Independent decisions

Adventures in Study Abroad: Lesson 2

 

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Southern Wisconsin Farm

Ever since I was young, people have recognized my independent nature. I have always wanted to do things by myself without the help of others. In fact, I chose to walk to the bus stop with an older neighbor girl on my first day of school, leaving my heartbroken mother to watch from the window. This is simply part of who I am. It wasn’t until I had the chance to study abroad however, that I truly felt independent. I went to college in the same town where my family lived to make going to school affordable, so this was the first time I lived away from home. I was solely responsible for my studies, health, money, and more. What I ate, how often I did laundry, when I went to bed—they were all up to me, as were the consequences of my decisions.

While traveling through Europe, I was confronted by all kinds of situations that I had never experienced before. For example, I went to youth hostels across the continent and was repeatedly assigned to a room in which I was the only female. I recall being so uncomfortable the first time that I called my boyfriend back home to talk it over. It was just so unexpected for someone from my cultural background.

In Rome, I arrived at the train station without a lodging reservation. Previously I had not had problems going up to any of the hostels and getting a room, but that day was different. I wandered around the blocks surrounding the station, but found no vacancies. Then I noticed a small hotel and thought to myself, “This is what they make credit cards for. Stay here for one night and then find a more inexpensive option tomorrow.” The concierge standing guard must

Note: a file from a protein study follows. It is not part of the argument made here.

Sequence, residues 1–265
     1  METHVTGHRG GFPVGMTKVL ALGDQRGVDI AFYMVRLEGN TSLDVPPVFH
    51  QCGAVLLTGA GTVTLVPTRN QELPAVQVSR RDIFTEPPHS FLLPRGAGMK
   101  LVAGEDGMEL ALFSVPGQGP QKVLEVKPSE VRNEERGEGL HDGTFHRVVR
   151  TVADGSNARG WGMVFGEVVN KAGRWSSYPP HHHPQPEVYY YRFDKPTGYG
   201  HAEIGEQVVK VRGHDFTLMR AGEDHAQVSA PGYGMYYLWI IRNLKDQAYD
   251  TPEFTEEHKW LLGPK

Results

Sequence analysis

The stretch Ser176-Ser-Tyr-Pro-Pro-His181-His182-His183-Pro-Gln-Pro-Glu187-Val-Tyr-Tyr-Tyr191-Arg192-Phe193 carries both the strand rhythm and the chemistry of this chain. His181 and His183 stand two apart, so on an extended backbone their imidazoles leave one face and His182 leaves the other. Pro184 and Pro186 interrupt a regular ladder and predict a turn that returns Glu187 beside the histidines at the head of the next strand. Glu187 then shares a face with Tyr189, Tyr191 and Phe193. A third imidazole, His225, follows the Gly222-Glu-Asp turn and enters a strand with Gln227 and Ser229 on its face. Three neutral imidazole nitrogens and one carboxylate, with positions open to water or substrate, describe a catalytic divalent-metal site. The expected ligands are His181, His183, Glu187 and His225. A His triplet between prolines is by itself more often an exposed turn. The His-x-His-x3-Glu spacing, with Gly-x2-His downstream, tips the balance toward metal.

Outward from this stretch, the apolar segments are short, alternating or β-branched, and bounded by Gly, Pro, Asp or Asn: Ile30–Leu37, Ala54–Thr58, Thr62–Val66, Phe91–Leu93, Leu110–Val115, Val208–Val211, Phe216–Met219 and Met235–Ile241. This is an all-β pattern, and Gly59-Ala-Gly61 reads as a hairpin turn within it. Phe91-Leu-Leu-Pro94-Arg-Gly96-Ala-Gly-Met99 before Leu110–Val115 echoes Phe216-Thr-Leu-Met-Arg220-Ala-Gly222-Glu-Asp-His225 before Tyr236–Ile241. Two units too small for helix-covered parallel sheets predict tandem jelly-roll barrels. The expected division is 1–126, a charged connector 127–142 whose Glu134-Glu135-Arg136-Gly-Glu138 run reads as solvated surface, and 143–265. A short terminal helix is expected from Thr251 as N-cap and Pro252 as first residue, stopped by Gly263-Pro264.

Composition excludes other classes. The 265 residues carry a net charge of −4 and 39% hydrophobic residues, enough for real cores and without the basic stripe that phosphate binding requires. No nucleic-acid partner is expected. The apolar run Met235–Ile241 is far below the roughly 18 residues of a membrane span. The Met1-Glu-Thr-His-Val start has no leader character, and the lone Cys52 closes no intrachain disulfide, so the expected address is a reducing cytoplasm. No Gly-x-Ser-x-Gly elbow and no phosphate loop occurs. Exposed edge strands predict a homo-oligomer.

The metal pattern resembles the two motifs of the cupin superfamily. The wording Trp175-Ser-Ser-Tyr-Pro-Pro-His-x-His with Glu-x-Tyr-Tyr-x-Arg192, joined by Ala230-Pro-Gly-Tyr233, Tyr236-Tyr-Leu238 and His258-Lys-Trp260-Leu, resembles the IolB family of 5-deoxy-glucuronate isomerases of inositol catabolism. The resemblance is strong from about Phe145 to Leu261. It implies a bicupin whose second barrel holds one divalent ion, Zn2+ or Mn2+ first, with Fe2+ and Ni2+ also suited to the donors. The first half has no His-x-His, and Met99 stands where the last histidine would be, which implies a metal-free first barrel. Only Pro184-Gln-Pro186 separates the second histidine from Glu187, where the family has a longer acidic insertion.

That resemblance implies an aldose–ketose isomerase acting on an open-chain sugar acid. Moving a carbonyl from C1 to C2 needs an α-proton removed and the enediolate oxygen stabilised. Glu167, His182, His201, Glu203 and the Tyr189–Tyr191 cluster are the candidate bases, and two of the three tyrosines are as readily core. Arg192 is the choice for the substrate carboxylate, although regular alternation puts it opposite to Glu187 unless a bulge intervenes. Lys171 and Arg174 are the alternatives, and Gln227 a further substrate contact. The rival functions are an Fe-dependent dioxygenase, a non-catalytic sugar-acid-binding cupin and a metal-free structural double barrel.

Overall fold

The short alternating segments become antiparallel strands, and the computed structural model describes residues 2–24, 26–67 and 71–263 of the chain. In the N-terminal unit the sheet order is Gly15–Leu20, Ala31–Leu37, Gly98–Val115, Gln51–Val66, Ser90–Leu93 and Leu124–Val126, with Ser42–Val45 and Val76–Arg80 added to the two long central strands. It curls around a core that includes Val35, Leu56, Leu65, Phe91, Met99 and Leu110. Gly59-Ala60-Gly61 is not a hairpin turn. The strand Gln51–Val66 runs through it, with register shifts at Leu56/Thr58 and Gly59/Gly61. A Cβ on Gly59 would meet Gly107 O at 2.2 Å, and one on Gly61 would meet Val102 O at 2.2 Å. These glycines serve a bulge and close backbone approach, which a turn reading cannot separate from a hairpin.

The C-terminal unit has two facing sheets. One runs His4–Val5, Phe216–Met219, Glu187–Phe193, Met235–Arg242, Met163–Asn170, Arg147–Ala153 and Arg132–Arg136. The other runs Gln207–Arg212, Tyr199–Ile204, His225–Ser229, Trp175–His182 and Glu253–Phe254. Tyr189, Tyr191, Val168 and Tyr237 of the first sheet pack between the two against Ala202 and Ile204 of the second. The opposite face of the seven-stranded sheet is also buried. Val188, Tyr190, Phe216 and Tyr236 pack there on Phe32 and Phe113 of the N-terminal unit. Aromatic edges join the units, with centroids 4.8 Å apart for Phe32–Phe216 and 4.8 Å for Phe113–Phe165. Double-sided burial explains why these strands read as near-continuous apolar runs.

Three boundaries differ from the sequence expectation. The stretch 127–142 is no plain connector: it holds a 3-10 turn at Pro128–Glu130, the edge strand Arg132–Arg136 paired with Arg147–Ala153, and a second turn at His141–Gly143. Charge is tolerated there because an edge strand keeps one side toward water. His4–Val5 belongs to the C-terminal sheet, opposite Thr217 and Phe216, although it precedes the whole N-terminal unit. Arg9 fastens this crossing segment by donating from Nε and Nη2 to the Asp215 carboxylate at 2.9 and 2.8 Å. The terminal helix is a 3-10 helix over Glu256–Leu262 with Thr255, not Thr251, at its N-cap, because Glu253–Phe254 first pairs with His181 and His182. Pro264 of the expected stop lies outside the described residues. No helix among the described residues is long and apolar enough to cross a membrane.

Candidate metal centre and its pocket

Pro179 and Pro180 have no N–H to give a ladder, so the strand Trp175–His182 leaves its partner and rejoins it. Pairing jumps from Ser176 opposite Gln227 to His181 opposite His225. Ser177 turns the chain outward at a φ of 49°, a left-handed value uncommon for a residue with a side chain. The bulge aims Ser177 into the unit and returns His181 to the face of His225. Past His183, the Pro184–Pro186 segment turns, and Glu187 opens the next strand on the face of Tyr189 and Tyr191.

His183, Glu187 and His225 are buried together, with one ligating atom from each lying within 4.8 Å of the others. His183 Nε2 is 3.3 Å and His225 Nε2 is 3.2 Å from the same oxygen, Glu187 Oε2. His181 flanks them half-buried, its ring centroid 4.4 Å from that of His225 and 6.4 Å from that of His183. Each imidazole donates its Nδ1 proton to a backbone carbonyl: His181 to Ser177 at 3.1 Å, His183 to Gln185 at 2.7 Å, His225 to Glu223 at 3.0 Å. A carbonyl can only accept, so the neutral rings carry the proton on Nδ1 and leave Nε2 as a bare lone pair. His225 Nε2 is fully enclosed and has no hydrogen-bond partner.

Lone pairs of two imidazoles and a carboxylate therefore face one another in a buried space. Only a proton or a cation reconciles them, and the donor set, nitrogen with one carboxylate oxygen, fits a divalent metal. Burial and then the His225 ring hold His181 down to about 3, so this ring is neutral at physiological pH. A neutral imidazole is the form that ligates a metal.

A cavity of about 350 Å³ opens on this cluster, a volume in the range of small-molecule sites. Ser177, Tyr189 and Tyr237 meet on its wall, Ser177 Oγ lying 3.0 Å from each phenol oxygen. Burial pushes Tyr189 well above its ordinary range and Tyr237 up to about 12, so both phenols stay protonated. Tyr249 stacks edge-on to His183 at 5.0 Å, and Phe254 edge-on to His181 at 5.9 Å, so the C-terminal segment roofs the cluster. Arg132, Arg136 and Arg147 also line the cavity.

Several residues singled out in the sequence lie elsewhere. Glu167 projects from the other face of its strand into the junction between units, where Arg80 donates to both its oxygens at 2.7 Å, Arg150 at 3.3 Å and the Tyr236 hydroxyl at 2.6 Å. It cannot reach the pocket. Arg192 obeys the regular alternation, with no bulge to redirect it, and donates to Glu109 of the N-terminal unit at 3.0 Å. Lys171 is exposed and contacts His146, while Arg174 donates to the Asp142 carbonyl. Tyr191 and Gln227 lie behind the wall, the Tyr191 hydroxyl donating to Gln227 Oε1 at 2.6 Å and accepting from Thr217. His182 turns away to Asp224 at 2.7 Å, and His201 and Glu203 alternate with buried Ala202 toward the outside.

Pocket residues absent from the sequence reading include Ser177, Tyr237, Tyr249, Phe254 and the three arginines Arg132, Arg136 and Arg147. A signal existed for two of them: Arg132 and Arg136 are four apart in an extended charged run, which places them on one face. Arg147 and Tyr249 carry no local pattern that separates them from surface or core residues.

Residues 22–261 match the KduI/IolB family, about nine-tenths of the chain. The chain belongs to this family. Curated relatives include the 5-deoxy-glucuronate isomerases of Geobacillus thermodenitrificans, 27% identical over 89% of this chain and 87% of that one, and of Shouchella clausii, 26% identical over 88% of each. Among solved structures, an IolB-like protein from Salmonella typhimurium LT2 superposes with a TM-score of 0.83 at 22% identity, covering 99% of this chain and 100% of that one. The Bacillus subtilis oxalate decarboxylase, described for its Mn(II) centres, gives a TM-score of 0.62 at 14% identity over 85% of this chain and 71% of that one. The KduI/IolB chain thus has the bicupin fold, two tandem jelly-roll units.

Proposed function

Roman Convent

Roman Convent

have read my mind because he pointed down the street and told me to knock. I didn’t fully understand him, but hesitantly knocked on the door anyway. I was granted two nights lodging in a room of female Japanese tourists in a convent! That’s right, I stayed in a convent in Rome! How many people can say that?

After touring Munich one day, I opted for a cheap dinner at a recognizable fast food restaurant. As I sat with my sandwich and fries, a twenty-something man looked over at me and began to speak. My inability to speak German spread over my confused face. The man quickly switched to English, striking up a conversation which showed that we had something in common. We both knew Wisconsin! His girlfriend was studying in Madison and I had grown up not far from there. We talked for a bit and then he offered me a ride back to my hostel. It

German Fast Food Restaurant

was cold and dark and I was not sure of the way so I took him up on his offer. He even permitted me to call my boyfriend from the car phone in his Mercedes! A solitary dinner turned into a pleasant experience.

As I now look back on those seemingly minute moments, I see them for what they were—very naïve decisions made on the part of a young woman without the cultural cache that I know possess. I recognize the uninformed theories that I used to make those decisions and am eternally grateful that there were no serious consequences as a result. On the flipside of the coin, had I not had experiences like those, I may not have become the resourceful, culturally-informed woman that I am today. Those circumstances taught me to look for the good in people, to always have a Plan B, to assess the situation and choose the best course of action for me, and above all, I learned to rely on myself, trust my instincts, and become independent. It is these experiences that have shaped who I am today.

 

Please tell me how your study abroad experience has impacted your life by leaving a comment! I would love to hear from you!

I have applied my study abroad knowledge to start Global Perceptions, a communication and relocation consulting business based in San Juan, Puerto Rico. For more information on our services, visit www.global-perceptions.com or call 787.455.7764.

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